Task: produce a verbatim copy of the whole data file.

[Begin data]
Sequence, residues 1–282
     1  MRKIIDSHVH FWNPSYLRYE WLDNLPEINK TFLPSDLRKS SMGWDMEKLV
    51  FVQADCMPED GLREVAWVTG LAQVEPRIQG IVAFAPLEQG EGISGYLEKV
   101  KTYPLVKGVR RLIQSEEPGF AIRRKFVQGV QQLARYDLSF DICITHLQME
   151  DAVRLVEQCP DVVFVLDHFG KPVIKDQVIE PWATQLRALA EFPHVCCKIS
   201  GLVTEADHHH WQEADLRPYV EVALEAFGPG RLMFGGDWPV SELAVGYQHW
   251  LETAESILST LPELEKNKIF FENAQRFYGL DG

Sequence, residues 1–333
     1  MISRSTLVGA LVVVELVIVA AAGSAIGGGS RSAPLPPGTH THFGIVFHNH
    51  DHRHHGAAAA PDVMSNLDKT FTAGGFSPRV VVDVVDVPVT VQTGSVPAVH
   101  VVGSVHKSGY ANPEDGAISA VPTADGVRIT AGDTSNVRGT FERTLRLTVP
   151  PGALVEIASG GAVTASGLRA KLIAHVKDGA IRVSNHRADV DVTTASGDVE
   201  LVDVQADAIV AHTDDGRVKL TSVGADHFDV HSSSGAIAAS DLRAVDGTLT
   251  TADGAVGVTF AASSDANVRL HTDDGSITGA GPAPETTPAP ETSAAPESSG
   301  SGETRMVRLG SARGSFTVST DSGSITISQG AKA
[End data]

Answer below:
Sequence, residues 1–282
     1  MRKIIDSHVH FWNPSYLRYE WLDNLPEINK TFLPSDLRKS SMGWDMEKLV
    51  FVQADCMPED GLREVAWVTG LAQVEPRIQG IVAFAPLEQG EGISGYLEKV
   101  KTYPLVKGVR RLIQSEEPGF AIRRKFVQGV QQLARYDLSF DICITHLQME
   151  DAVRLVEQCP DVVFVLDHFG KPVIKDQVIE PWATQLRALA EFPHVCCKIS
   201  GLVTEADHHH WQEADLRPYV EVALEAFGPG RLMFGGDWPV SELAVGYQHW
   251  LETAESILST LPELEKNKIF FENAQRFYGL DG

Sequence, residues 1–333
     1  MISRSTLVGA LVVVELVIVA AAGSAIGGGS RSAPLPPGTH THFGIVFHNH
    51  DHRHHGAAAA PDVMSNLDKT FTAGGFSPRV VVDVVDVPVT VQTGSVPAVH
   101  VVGSVHKSGY ANPEDGAISA VPTADGVRIT AGDTSNVRGT FERTLRLTVP
   151  PGALVEIASG GAVTASGLRA KLIAHVKDGA IRVSNHRADV DVTTASGDVE
   201  LVDVQADAIV AHTDDGRVKL TSVGADHFDV HSSSGAIAAS DLRAVDGTLT
   251  TADGAVGVTF AASSDANVRL HTDDGSITGA GPAPETTPAP ETSAAPESSG
   301  SGETRMVRLG SARGSFTVST DSGSITISQG AKA